Talking about sex with your teenage daughter or son is difficult already however it is also difficult and uneasy for them to hear it from their parents. Most teens don’t want to face the fact that their parents actually do have sex and that is how they were brought about! Now of course they know how they were brought into this world but they don’t want to hear all the horrid stories about the so called “birds and the bees” story as you don’t feel comfortable talking to them about it. If you talk to them from the time they are little about anything and everything and you have given them the comfort of knowing there is no closed door on any subject they will feel a sense of comfort and know your care and concern. It’s that open door policy that I use with my children. My daughter knew what a tampon was at the age of 4 however she didn’t know all of the details but she knew it was for ladies to use for one week out of the month called our “lady time” and I see nothing wrong with making her aware of what it was called without sugar coating it or lying to her or saying nothing.
Sex educating our teens is a very important conversation that I feel is very much needed in depth with them and not just about pregnancy. Yes, pregnancy does occur however it’s not the only discussion that should be talked about. This is why giving them the accessibility of condoms is a very good idea. That way they can be protected at all times. When a girl starts her menstrual cycle it’s probably a good idea to get her regulated on birth control pills if she is into having sex. Sex education for teens is a very important thing for teens these days to hear.
HIV is one of the most deadly diseases of all that a person can get from being sexually active. Do you know how many partners has the person you are sleeping with has slept with? The reason for the question is because you are sleeping with every person he/she has slept with and vice versa. You don’t know all of the sexual history that a person has and they don’t know that about you either and it becomes a viscous cycle. You can and should get tested every 6 months because as previously stated it is a silent killer and sometimes goes undetected without proper testing and it could become too late and you don’t want that to happen.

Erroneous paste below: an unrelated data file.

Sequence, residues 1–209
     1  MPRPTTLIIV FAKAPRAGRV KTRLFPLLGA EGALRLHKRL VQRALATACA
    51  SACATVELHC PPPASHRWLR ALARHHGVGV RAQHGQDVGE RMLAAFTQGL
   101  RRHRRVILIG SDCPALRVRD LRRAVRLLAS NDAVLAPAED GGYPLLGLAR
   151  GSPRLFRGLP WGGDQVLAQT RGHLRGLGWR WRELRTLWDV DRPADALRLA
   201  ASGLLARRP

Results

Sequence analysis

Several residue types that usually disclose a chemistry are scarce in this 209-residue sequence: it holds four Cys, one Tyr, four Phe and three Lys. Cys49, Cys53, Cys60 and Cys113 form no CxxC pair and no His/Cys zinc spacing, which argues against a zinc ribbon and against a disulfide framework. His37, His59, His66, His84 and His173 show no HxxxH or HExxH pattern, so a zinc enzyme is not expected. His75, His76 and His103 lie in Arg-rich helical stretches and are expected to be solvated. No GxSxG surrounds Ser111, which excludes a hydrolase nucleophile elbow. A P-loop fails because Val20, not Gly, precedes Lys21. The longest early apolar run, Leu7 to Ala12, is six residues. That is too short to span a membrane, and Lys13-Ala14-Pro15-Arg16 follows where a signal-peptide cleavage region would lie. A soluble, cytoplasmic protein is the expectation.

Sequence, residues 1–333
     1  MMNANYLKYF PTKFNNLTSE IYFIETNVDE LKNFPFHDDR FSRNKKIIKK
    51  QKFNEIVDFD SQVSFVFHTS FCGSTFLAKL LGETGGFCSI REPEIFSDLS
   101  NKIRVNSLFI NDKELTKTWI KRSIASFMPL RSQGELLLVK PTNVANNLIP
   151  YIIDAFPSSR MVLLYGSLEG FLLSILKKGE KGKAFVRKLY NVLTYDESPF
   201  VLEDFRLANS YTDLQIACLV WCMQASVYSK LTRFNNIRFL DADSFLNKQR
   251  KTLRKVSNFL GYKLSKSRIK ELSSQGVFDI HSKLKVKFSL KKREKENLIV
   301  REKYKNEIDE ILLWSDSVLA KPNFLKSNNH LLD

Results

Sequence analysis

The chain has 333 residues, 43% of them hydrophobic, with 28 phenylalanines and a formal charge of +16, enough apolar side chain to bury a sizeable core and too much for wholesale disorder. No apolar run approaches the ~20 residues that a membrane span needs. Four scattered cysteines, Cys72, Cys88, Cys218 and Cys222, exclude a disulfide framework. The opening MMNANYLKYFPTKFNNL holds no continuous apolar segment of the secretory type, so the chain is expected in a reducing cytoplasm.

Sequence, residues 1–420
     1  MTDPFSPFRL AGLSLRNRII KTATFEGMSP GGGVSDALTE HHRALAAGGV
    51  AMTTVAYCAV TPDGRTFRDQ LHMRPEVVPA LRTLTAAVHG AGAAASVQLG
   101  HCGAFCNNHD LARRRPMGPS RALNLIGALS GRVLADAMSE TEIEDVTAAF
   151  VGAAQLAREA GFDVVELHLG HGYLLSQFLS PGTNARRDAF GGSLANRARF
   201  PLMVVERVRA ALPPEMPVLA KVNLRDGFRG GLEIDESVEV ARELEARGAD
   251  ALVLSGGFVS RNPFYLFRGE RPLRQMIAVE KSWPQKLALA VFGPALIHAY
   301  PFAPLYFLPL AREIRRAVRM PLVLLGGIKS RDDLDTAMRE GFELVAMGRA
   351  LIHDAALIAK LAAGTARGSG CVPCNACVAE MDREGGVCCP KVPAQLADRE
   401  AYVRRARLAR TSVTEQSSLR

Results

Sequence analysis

As one parent to the next I suggest that you discuss every angle there is about educating your teen about sex education for teens. If you are a little nervous about it you can read some books on how to talk to them to break the ice and not sound so scared or make them so vulnerable or afraid or embarrassed when doing so. You can go to your local library and read up on some books that can help you better talk to them on their level but also as a parent. I know for me there was a cute book all about sex education for teens that I read and I’m sorry I can’t recall the name but there are some good one’s out there that you can get to help you level with your teen. It is very important to be able to have that line of communication open because when they do have (and they will) sex for the first time (if still under your roof) you will want them to come to you for advice or help. You need to prepare them with all the tools to keep them safe. Make sure they have condoms in their wallet and purses and make sure they have money to call home with if they need you or their cell phones are charged when they leave out on a date. Just be there for them, sometimes they just want someone to listen. Don’t pry they will come to you if you make them realize that line of communication is open and just be prepared because it’s never easy. Just know that you have given them all the information and tools needed to help them make the right decision when it comes to sex education for teens!